The contraction of the Canadian economy in the first quarter combined with lower oil prices, a near-record trade deficit and uncertainty in global markets will mean the economy is likely to grow by just 1.6% in 2015, its worst showing since 2009, according to a report released by the Conference Board of Canada on Wednesday.

“There has been much speculation on whether the Canadian economy has dipped into recession,” says Matthew Stewart, associate director, national forecast with the Conference Board, in a statement. “We expect the numbers to show economic growth tracking close to zero in the second quarter as the economy flirts with recession.”

The Conference Board is anticipating that business investment will be the weakest part of the economy in 2015, with a drop of close to 7%. This is mainly as a result of the energy sector, in which investments are expected to drop to $52.5 billion this year from $68.8 billion in 2014. The report notes that firms outside the energy sector are also reluctant to invest. For example, a decline in building permits suggests a downturn in commercial construction this year, the research states.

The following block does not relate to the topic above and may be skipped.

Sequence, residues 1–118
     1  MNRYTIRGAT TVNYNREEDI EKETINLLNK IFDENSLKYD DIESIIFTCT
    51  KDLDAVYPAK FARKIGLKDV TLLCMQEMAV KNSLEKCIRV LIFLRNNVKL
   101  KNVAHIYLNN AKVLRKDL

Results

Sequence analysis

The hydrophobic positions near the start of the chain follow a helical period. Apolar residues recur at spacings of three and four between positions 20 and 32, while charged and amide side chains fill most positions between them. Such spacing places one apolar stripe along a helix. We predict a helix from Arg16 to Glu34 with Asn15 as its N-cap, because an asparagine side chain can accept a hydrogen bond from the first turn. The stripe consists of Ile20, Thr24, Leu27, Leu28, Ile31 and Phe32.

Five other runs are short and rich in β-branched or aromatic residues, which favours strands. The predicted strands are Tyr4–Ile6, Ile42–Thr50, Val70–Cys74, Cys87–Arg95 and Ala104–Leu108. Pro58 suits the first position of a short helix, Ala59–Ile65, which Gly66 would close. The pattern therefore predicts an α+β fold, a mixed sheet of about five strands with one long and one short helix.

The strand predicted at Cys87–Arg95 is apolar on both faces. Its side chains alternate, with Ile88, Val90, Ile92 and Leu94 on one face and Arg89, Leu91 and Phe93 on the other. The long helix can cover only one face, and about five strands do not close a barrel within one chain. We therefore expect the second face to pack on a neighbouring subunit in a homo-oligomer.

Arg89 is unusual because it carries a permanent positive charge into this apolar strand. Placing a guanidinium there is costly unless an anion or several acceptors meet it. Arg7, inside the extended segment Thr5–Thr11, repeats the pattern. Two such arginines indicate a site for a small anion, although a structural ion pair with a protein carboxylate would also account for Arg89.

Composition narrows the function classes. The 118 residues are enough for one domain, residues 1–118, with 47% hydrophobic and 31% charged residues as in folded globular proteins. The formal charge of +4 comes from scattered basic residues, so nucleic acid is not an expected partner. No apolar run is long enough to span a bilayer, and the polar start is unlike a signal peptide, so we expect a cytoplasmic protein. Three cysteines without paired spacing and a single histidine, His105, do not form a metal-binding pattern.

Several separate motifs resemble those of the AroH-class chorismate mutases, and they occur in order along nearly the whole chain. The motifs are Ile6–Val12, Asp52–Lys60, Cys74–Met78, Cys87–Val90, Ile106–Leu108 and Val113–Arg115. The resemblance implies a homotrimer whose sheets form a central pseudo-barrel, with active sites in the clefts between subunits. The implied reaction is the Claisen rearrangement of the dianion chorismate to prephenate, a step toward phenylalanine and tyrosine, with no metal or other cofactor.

Household spending is also expected to weaken as a result of soft employment growth, weak wage gains, high level of household debt and job losses in oil-producing provinces. Growth in consumer spending will be limited to 2.1% in 2015, according to the Conference Board report.

However, any potential slip into a mild recession will be short-lived and the economy is expected to improve throughout the rest of the year, Stewart says.

“There are also positive signs of growth as the economy added 16,000 jobs a month, on average, over the first half of the year, which is better than what we saw through most of 2014,” he adds.

A disappointing trade sector is also expected to improve and make a significant contribution to overall economic growth. A lower Canadian dollar and a U.S. economy expected to show momentum through the rest of 2015 should manage growth of 3.1% in exports.

The Conference Board research notes that economic growth should improve next year, but with an aging population and lacklustre investment outside of the energy sector, real gross domestic product growth is not expected to exceed 2.3% at any point over the next five years.